POST: 'SpongeBob Squarepants' - Grinning Like An Idiot

What it’s about 

Complete with all of the beloved, and some might say iconic characters that populate Bikini Bottom, The Spongebob Squarepants musical is the epic tale of Spongebob and his friends fighting to save Bikini Bottom from a volcanic apocalypse. 

My experience. 

I am not in any way exaggerating when I say that I was looking forward to seeing this show for weeks leading up to it. Spongebob is super special to me - as a weird, bookish, awkward kid, the off-beat humor of the show spoke to me from the first time I saw it. That being said, I was super skeptical of a Broadway musical inspired by my favorite cartoon. When I first heard about it, I assumed it was a sell-out move, a shameless cash grab, if you will. I think I just assume that if something on Broadway has a name that people will recognize, and is family friendly, and is also attached to a multi-billion dollar merchandising venture, it’s gonna be more about selling tickets than anything else.

But, by the time I slipped into my seat at the very tippy top of the mezzanine, all the way to the side, I’d had plenty of time in line to google more about the production. I was kind of surprised, and definitely intrigued to see that the director was a cutting edge, experimental legend, Tina Landau, whose work I’d seen at the Public Theatre and who I’d read about in school. And the music was written by a ton of pop music icons, from T.I. to David Bowie (RIP). 

And OMG, the set. It was all neon and shiny, and repurposed everyday items. There were weird and mysterious contraptions, and even a shrine to Spongebob Merchandise right next to the stage (a great photo opp for the hundreds of families in the theatre, though I was sadly too far away). It felt like the creators of the show were acknowledging Spongebob’s mass commercial appeal, like they were in on it, thus making it less capitalistic and icky. Also, the color scheme was super creative - lots of blue obviously, but hues of pink, orange, and yellow as well. They didn’t hit you over the head with nautical stuff, though, it was more about the colorful, coral aesthetic.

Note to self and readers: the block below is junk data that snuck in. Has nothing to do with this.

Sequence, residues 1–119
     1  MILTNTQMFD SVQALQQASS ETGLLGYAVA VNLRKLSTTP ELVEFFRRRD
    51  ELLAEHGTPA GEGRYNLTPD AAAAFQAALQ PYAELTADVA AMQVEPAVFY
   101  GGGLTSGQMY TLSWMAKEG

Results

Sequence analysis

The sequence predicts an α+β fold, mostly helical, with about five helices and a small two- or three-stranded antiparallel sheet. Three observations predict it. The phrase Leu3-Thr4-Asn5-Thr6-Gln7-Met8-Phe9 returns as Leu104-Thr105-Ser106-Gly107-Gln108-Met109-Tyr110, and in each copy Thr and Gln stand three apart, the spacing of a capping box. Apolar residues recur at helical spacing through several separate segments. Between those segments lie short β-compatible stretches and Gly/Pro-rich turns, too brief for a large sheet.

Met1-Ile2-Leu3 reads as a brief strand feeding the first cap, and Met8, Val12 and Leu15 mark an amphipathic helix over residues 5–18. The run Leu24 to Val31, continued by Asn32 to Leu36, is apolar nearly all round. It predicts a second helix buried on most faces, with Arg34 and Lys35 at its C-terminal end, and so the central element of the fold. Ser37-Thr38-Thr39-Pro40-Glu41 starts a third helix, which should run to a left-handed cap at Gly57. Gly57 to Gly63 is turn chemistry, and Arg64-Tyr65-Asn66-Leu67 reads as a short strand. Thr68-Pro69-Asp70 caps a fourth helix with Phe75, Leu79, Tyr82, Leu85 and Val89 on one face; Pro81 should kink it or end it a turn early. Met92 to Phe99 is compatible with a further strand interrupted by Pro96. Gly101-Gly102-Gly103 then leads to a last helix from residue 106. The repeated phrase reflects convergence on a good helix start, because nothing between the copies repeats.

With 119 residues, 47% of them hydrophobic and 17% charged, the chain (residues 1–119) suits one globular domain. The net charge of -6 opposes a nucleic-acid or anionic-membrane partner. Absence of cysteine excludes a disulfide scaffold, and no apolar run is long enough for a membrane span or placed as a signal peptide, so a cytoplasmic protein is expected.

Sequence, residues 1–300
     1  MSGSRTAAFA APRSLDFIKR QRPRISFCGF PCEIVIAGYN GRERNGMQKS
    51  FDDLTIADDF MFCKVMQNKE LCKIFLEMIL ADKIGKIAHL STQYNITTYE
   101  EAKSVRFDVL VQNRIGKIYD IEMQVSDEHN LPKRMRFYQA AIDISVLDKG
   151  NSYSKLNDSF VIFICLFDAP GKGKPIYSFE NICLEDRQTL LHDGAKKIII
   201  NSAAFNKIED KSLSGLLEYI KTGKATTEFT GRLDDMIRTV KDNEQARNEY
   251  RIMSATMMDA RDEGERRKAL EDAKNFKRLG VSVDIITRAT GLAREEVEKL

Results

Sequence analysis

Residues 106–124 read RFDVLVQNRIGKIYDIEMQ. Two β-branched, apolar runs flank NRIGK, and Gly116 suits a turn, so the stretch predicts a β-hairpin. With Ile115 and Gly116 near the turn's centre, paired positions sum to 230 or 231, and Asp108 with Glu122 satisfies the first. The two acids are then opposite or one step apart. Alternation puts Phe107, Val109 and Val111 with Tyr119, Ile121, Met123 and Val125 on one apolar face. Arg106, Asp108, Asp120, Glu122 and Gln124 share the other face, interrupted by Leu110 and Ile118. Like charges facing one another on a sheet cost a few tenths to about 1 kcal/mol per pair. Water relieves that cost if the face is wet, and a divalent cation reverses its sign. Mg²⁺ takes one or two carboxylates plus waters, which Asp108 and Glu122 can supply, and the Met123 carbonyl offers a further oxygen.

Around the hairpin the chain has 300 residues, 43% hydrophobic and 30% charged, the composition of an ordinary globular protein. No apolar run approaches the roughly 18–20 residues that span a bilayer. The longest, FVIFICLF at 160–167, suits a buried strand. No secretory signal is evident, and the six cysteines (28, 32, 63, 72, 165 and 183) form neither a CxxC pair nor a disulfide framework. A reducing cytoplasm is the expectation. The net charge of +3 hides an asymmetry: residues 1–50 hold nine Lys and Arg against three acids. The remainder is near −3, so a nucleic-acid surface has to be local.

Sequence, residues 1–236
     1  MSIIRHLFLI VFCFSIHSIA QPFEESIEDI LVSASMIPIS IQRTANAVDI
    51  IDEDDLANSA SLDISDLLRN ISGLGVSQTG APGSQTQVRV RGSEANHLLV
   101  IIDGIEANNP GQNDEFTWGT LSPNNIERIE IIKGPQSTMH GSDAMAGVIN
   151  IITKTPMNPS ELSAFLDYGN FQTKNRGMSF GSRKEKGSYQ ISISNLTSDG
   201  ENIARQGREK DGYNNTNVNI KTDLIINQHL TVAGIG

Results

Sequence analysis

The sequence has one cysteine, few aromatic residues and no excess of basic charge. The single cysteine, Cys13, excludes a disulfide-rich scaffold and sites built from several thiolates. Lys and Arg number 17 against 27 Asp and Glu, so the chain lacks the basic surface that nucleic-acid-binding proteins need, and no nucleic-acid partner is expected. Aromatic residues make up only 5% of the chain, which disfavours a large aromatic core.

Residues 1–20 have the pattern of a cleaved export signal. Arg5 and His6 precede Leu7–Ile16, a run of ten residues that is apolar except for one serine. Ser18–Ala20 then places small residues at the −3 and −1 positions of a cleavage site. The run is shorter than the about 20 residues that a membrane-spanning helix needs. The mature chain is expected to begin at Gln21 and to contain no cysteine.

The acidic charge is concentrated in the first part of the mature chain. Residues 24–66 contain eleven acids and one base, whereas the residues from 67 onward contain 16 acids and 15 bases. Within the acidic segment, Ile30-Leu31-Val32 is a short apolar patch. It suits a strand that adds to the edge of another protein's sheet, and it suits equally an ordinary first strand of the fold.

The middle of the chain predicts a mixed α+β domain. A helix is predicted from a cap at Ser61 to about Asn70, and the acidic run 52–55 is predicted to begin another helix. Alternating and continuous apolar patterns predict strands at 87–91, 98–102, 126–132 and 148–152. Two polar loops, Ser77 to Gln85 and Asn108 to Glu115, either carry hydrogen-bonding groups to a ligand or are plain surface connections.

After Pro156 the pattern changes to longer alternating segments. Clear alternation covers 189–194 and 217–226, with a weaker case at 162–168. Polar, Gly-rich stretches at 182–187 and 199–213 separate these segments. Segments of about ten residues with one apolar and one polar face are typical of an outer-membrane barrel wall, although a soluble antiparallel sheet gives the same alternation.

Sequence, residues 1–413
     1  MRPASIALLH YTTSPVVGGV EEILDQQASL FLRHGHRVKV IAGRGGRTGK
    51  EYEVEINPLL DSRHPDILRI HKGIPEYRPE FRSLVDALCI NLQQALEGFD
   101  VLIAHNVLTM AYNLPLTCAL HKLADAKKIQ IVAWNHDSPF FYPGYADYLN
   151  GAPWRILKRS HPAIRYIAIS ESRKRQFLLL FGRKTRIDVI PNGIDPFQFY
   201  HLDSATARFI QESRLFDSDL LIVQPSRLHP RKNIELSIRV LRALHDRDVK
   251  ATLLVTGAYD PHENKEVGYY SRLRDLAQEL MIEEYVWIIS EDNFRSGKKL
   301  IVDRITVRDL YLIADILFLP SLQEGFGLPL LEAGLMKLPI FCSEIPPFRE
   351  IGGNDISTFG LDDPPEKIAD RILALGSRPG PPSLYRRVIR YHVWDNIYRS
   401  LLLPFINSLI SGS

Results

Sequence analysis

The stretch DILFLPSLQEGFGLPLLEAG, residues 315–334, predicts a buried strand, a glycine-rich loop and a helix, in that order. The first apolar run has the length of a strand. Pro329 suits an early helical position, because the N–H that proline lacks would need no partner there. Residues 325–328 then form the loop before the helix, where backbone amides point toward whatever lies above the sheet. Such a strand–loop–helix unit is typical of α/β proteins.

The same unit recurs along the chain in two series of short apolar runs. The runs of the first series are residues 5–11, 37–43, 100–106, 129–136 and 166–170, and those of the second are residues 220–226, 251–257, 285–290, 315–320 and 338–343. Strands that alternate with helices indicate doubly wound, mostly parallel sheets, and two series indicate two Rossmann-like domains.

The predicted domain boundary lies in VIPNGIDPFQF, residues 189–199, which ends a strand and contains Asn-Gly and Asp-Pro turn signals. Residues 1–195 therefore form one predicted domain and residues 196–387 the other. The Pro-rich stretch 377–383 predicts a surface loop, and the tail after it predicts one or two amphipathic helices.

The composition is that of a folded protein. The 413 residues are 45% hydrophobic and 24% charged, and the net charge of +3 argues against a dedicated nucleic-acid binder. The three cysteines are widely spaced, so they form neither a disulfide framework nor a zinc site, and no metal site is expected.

The entire show was allowed to exist parallel with the cartoon Spongebob universe, creating its own interpretations of characters, songs, and references, rather than trying to copycat the aesthetic of the TV show to a T. Pearl, Mr. Krabs’ daughter, was my fave singer of the bunch, she had PIPES for days! I didn’t want to embarass myself, but of course I did when the song “Best Day Ever” came on after Spongebob and his pals (especially Sandy, #whoruntheworld #girls) saved the day. I know this sounds cliche, but I was grinning like an idiot for the entire show, because I felt like I was experiencing sticky sweet nostalgia and something completely fresh at the same time. Also, huge shout out for diversity of casting. In this world, sea creatures were represented not just by people of many races, but also by people who had lots of different ways of presenting themselves - from dreads and afros to funky jumpsuits and blonde bobs. The world of Bikini Bottom was a diverse parallel NYC type of universe, and there were some important messages in the show about accepting, rather than scapegoating, outsiders. While Bikini Bottom is quick to blame land-dweller Sandy for the impending apocalypse, she ends up saving the day with science. As an adult, I was so happy to walk out of the show even more proud of being a Spongebob fan than I was when I walked in.

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